Seems there’s always a curveball you don’t expect when tackling something like this and we got one this week as we looked more carefully into the countries ahead of us – it seems not only can’t you fly a drone in Nicaragua, you can’t even possess one ( and, like almost all overlanders, we have one ) . They are routinely confiscated at the border. We heard about it, then checked it out and it’s right there on Google. Even saw a YouTube video from a guy who had his taken from him. Why that would be a rule boggles the mind ( isn’t it enough to just say you can’t fly it ? ) and is a logistical nightmare for the thousands of travellers just transiting Nicaragua as part of a longer trip – what do you do with your drone ? Short answer – send it home. So a morning was spent packaging up the drone and mailing it back to Canada. A completely pointless and somewhat expensive exercise ( and I will be without it for 2 months now ) but hey, what do you do ?
The exit from Belize went as smoothly as the entry and likewise the crossing to Guatemala – the folks there simply could not have been more friendly and helpful. Fuelled up, then cashed up at the first town and we were on our way to Tikal. Frankly, we debated even visiting considering we had been in 2006 and the weather looked very “iffy”. But hey, we were this close, why not, right ? Well, we probably shouldn’t have – it just poured raining most of the time, we got totally drenched and photo ops were limited. Sometimes I suppose you should just take a pass. It has not become any less impressive but unlike our last visit ( beautiful sunshine ) this time it was the opposite. C’est le vie .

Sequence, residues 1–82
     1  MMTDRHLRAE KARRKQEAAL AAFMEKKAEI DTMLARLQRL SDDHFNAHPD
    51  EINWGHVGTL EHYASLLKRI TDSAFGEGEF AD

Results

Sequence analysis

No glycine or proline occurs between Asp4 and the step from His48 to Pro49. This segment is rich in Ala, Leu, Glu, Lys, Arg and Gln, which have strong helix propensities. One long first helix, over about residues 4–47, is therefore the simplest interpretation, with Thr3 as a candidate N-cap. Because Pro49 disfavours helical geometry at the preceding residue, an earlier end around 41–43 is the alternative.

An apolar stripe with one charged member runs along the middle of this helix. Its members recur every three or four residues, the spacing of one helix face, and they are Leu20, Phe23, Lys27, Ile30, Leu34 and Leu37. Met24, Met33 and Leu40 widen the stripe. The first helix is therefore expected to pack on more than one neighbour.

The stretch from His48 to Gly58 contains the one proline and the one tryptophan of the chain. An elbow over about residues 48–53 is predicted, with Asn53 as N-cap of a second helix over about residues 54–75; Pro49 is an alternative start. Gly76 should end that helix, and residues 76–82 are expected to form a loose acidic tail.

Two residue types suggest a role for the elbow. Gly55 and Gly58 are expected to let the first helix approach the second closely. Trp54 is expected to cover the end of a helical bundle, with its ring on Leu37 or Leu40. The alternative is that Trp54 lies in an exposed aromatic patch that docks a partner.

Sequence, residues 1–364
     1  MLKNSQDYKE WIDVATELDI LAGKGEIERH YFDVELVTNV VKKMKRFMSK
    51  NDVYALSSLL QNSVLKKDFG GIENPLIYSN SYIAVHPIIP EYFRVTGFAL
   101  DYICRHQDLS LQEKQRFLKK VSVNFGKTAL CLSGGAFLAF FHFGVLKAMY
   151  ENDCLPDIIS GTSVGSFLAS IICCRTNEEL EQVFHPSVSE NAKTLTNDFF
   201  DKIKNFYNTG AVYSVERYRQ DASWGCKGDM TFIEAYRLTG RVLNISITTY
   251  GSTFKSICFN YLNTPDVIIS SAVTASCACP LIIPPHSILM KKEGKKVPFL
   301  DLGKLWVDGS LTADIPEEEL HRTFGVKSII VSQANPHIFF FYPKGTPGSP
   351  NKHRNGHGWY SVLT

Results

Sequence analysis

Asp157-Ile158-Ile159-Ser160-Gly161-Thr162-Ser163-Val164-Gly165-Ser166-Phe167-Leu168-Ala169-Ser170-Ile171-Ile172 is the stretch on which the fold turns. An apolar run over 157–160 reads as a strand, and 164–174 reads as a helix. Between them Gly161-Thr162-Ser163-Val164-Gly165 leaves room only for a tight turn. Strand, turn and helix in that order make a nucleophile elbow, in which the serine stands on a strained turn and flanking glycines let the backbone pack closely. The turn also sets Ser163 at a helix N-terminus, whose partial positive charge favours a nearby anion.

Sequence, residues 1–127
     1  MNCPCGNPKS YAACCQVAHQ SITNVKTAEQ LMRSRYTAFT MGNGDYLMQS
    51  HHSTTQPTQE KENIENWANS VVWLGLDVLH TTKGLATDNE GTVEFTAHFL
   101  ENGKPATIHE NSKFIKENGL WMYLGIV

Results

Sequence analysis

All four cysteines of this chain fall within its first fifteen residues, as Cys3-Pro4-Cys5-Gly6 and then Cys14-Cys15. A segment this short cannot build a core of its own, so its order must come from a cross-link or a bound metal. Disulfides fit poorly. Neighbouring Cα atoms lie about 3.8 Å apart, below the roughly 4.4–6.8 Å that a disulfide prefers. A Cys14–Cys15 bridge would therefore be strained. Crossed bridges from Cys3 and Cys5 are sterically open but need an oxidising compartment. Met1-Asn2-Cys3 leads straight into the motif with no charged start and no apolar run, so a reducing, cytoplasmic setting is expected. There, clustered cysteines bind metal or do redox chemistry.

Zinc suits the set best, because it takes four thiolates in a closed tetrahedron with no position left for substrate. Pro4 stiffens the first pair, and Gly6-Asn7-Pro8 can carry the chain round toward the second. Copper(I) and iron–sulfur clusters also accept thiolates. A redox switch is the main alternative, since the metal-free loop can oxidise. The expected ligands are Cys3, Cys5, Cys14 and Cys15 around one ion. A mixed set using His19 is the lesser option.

While Tikal this visit was a bit of a bust, we did have a real “score” on our first night Guatemala – probably one of the best camping spots we have been at. Right on the shore of Lake Peter Itza, all facilities at hand – people go to El Muelle for the sunsets and we caught a very nice one.